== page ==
Help with stove?

9:21 a.m. on January 13, 2016 (EST)
Corey Lane
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3 forum posts

I bought this stove at a garage sale for $1 but I cannot figure out how it connects to canisters. Even the original canister. I bought a Coleman canister and does not fit. Am I missing something?



9:45 a.m. on January 13, 2016 (EST)
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That stove must screw down to the canister making the hole it it. Thats a old style stove. I had one in the late 1970s. I dont know if there are canisters made for it anymore. 

10:17 a.m. on January 13, 2016 (EST)
Corey Lane
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3 forum posts

Shucks maybe I can find a adapter only if I knew what to search for

10:30 a.m. on January 13, 2016 (EST)
Corey Lane
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3 forum posts

I actually found it they are called bleuet stoves

10:57 a.m. on January 13, 2016 (EST)
Bill S
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6,037 forum posts

The Camping Gaz "Bleuet" stoves are a puncture-type attachment. They used to be very popular, until it was realized that they have a strong tendency to leak and potentially ignite. Camping Gaz was a French company that was taken over by Coleman, which is now part of Johnson Outdoors. They discontinued the canisters because of the risks. There used to be some SE Asian sources and a couple of Slovenian companies making them. But, again because of the risks, those cannot be imported to the US or Canada.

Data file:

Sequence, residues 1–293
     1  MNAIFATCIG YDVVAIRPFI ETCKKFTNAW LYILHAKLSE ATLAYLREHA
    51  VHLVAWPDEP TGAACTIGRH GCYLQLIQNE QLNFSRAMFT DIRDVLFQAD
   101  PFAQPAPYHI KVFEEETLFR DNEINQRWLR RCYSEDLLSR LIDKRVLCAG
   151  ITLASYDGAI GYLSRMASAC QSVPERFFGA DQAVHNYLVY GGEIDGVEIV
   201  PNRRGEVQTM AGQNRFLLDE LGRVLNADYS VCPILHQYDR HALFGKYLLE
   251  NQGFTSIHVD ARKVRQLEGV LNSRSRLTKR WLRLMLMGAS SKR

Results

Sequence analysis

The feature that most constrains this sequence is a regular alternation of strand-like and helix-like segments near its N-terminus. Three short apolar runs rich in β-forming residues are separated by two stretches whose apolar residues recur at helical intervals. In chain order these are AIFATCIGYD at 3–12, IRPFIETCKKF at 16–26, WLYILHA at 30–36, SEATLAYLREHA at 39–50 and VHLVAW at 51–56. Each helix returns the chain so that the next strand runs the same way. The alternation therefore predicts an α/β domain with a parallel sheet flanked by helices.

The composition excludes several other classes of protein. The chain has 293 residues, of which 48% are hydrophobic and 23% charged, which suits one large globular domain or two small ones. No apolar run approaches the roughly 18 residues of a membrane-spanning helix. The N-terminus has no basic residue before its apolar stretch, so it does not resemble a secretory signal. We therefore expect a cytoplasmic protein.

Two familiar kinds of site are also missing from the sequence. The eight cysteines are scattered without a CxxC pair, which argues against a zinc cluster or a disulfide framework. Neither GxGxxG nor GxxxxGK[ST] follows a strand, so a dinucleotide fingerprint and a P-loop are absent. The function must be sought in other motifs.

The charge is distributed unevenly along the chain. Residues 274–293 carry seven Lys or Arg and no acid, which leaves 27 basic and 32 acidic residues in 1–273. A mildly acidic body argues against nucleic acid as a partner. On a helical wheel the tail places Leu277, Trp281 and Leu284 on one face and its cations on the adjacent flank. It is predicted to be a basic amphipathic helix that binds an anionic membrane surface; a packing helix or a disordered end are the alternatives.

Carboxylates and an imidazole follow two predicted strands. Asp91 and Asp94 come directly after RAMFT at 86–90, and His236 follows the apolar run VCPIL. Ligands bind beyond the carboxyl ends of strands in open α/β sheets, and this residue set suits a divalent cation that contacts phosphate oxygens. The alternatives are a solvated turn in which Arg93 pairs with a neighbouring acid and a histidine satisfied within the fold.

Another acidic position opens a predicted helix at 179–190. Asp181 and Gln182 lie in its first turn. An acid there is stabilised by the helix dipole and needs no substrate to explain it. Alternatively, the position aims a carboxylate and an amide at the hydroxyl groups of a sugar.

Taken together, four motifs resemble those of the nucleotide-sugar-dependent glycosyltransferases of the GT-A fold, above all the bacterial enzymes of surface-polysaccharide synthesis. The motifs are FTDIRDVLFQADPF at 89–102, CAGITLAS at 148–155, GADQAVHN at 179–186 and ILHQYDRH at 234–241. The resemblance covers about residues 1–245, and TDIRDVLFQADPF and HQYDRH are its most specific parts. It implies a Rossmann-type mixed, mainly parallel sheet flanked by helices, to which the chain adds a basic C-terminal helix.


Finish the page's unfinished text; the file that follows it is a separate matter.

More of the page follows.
The rubber gasket (which you can see in your photos) hardens and cracks with age, which allows the gas leakage, which allows ignition and/or leakage of the very cold gas onto your hands.

I have seen several accidents involving this type of stove, a couple actually exploding with shrapnel and several where someone detached a canister containing fuel and got frostbite from the expanding, extremely cold gas that sprayed onto his hands.

I suggest you just display it as an "ancient artifact". By law, disposing of the canisters in most of the US has to be done at an authorized "Hazardous Waste Disposal Site".

11:04 a.m. on January 13, 2016 (EST)
andrew f. @leadbelly2550
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it's not easy to tell from your photos.  

the blue color reminds me of old butane stoves.  the ones that used a 'piercable' cartridge had metal pieces that would swing down and lock the gas can to the burner, and a sharp point in the center of that rubber seal in your photo would punch into the canister.  take a look at the photo below.


the company, or some evolution of it, is still around:  however, it's not clear that they still sell the piercable stoves any more.  also,  i'm not sure if you can still buy the smooth-top piercable cartridges in the US - i checked amazon, and they only sell them outside the US.

Bill's post popped in ahead of mine. i agree with him 100%.  

10:30 p.m. on January 13, 2016 (EST)
Robert Perrin
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4 forum posts